Diagnosis--Cell wall analysis reveals that MA6963 has a type I cell wall. Morphological studies reveal that the culture produces long chains of spores on flexous sporophores that terminate in loops, hooks or extended spirals. Sporophores arise from the aerial mycelium. These are characteristics typical for strains of Streptomyces. A comparison of the phenotypic data of MA6963 with that of the validly published species of Streptomyces in the taxonomic literature (accompanying references 1-8) shows that this strain bears a strong resemblance to Streptomyces columbiensis, Streptomyces flavotricini, Streptomyces lavendulae, and Streptomyces virginiae. Streptomyces flavotricini, Streptomyces columbiensis, and Streptomyces virginiae are currently considered subjective synonyms of Streptomyces lavendulae. It differs from the type material of these species on the characteristics: production of soluble pigments, elaboration of knot-like structures in the aerial mycelium and the production of chromatic granules. Cluster analysis of the FAME profile of MA6963 against the MIDI actinomycete library (ACTINI [Rev 1.0]) as well as our own actinomycete library indicate a fatty acid composition consistent with Streptomyces lavendulae. Based upon these results, MA6963 is considered a new strain of Streptomyces lavendulae.

Bibliography

1. Shirling, E. B. and Gottlieb, D., Int. J. System. Bacteriol. 18:69 (1968)

2. Shirling, E. G. and Gottlieb, D., Int. J. System. Bacteriol. 18:279 (1968)

3. Shirling, E. B. and Gottlieb, D., Int. J. System. Bacteriol. 19:391 (1969)

4. Shirling, E. G. and Gottlieb, D., Int. J. System. Bacteriol. 22:265 (1972)

5. Nonomura, H. J. Ferment. Technol. 52:78 (1974)

6. Pridham, T. and Tresner, H., in Bergey's Manual of Determinative Bacteriology, Eighth Edition, R. E. Buchanan and N. E. Gibbons, Ed., Williams and Wilkins, Baltimore (1974)

7. Loci, R. in Bergey's Manual of Systematic Bacteriology, Vol 4., St. Williams, M. E. Sharpe and J. G. Holt. Ed., Williams and Wilkins, Baltimore (1989)

8. Miller, L., and T. Berger Hewlett-Packard Application Note 228-41. Hewlett-Packard Co. Avondale, Pa.

______________________________________Carbohydrate utilization pattern ofStreptomyces sp. MA6963 at 21 daysCarbon source     Utilization______________________________________D-arabinose       0L-arabinose       0cellobiose        3D-fructose        2inositol          0α-D-lactose 1β-D-lactose  1D-maltose         2D-mannitol        0D-mannose         3D-raffinose       0L-rhamnose        0sucrose           0D-xylose          0L-xylose          0a-D-glucose (control)             2______________________________________ 3 = good utilization 2 = moderate utilization 1 = poor utilization 0 = no utilization

__________________________________________________________________________Cultural characteristics ofMA6963 at 21 days   Amount of Growth             Aerial Mycelium                           Soluble                                  ReverseMedium  MA6963    MA6963        Pigments                                  Color__________________________________________________________________________Yeast Extract   good      Aerial mycelium pinkish                           brown  Medium brownMalt Extract      white (9 pk.White).  (58 m.Br)             Spores borne in slightly             flexous chains with knots,             some short open spirals.Glucose good      Aerial mycelium pale pink                           none noted                                  Pale orangeAsparagine        (7 p.Pink). Spores borne in                                  yellow (73             slightly flexous chains with                                  p.OY)             short open spirals.Inorganic Salts   good      Aerial mycelium pinkish                           dark gray                                  Black (267Starch            gray (10 pk.Gray). Spores                                  Black)             borne in tightly coiled             spirals. Starch weakly             hydrolyzed. Black patches             with chromatic granules             observed.Oatmeal good      Aerial mycelium pale pink                           none noted                                  Light yellow             (7 p.Pink). Spores borne in                                  brown (76 1.y             slightly flexous chains with                                  Br)             short open spirals.Sigma Water   very sparse             No aerial mass observed                           none noted                                  Yellow white                                  (92 yWhite)Czpak   sparse    Aerial mycelium yellow                           none noted                                  Transparent             white (92 y.White). Spores             borne in short spirals,             loops and hooks.Peptone Iron   good                    Melanin                           positive, H.sub.2 S                           positive.__________________________________________________________________________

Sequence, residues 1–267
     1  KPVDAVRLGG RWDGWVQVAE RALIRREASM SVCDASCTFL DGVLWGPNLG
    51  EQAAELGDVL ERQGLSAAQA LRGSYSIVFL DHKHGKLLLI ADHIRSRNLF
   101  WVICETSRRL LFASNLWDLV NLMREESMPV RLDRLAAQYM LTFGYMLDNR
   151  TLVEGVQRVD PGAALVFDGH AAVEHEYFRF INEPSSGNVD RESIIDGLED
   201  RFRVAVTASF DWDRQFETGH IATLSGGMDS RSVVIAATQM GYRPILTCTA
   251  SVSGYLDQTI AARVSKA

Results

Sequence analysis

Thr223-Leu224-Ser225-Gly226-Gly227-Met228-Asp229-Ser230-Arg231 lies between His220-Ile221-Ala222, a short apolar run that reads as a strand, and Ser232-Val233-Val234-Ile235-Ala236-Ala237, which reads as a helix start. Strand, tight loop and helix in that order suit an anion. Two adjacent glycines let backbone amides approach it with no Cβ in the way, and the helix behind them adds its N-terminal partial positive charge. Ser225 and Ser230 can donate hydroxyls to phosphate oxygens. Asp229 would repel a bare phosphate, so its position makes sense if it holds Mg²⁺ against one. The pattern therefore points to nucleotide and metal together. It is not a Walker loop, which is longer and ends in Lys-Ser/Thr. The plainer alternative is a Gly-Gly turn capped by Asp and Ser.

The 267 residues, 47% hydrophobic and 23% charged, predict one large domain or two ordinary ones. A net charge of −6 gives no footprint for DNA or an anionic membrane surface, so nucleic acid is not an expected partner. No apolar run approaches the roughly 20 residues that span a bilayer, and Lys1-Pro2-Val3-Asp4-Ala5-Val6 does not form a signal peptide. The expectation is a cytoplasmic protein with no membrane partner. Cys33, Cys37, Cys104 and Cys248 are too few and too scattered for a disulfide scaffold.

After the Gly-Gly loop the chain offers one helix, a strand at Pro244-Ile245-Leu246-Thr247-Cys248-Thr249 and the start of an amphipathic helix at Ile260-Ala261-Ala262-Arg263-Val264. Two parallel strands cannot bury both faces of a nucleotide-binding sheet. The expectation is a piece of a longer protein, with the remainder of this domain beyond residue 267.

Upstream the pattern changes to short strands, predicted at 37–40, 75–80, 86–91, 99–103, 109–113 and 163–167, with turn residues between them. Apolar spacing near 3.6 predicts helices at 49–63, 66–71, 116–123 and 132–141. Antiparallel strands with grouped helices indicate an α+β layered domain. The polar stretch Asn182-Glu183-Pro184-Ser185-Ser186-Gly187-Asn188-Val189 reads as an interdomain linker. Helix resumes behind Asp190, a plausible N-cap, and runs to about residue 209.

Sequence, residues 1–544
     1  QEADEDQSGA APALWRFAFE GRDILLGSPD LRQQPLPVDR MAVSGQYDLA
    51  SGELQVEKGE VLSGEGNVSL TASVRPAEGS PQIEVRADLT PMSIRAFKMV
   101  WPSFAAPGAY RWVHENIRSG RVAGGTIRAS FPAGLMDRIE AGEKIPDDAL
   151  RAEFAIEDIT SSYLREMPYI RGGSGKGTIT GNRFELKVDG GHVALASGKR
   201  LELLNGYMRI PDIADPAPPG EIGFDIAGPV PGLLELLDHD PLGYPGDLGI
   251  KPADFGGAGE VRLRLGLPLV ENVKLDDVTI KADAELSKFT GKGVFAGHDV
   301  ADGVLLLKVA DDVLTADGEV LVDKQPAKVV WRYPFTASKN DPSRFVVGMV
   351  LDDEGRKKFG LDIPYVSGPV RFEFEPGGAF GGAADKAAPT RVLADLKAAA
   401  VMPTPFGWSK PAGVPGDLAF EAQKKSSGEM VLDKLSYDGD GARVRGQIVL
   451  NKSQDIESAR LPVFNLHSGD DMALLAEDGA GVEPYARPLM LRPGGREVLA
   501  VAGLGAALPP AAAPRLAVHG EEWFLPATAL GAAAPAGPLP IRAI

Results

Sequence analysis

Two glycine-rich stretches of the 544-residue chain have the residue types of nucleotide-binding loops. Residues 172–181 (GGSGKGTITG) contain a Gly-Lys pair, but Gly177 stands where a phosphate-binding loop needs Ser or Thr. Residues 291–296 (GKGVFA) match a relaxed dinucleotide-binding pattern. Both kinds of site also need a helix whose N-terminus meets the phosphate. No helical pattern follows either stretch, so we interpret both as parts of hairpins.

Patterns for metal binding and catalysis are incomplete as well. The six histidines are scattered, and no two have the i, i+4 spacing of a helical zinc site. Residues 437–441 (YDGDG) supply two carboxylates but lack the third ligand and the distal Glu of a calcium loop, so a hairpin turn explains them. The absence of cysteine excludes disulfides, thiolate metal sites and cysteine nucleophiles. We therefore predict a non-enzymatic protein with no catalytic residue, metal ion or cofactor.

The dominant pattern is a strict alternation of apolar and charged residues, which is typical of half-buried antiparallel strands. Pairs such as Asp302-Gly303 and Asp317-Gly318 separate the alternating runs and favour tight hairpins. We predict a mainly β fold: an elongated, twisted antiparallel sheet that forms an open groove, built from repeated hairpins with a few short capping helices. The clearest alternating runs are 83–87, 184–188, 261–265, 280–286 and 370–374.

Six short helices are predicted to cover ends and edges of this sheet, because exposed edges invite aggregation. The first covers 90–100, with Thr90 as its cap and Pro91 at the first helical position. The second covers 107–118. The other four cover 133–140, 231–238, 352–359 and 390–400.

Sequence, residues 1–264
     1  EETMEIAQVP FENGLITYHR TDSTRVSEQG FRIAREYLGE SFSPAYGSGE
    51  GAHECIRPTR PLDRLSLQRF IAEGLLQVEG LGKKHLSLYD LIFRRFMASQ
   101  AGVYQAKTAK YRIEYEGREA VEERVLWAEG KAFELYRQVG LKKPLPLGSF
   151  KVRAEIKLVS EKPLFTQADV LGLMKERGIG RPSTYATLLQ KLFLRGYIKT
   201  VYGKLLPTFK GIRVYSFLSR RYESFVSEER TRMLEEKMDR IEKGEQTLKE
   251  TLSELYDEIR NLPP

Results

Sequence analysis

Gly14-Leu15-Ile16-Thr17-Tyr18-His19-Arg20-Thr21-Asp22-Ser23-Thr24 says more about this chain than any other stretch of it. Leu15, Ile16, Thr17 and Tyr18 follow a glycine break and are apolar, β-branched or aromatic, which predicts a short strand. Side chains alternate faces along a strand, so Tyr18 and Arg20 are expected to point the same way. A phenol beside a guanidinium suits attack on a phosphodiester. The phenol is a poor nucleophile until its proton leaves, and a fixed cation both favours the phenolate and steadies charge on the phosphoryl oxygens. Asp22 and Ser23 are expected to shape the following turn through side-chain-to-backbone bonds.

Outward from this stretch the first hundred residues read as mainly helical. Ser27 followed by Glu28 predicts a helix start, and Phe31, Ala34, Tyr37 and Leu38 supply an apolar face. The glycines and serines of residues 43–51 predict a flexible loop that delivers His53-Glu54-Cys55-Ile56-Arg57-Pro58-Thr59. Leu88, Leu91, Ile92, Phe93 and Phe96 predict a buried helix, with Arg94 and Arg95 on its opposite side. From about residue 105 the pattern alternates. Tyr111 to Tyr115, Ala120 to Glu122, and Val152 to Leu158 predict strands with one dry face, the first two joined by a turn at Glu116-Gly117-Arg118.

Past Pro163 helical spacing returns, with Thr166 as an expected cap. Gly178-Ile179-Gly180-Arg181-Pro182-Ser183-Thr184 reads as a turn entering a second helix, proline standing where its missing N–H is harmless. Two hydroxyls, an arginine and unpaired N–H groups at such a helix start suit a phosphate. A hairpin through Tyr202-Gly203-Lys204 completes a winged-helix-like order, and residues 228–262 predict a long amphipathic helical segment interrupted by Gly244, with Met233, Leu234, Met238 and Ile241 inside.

The present invention process can be practiced with any Compound I producing strain of Actinomycete, and particularly preferred is the ATCC No. 55230 strain (MA6963).

In general, Compound I can be produced by culturing the MS6963 strain, in an aqueous nutrient medium containing sources of assimilable carbon and nitrogen, preferably under submerged aerobic conditions (e.g. shaking culture, submerged culture, etc.). The aqueous medium is preferably maintained at a pH of about 7 at the initiation and termination (harvest) of the fermentation process. A higher pH leads to substantial and/or total loss of product. The desired pH may be maintained by the use of a buffer such as morpholinoethanesulfonic acid (MES), morpholinopropanesulfonic acid (MOPS), and the like, or by choice of nutrient materials which inherently possess buffering properties, such as production media described herinbelow.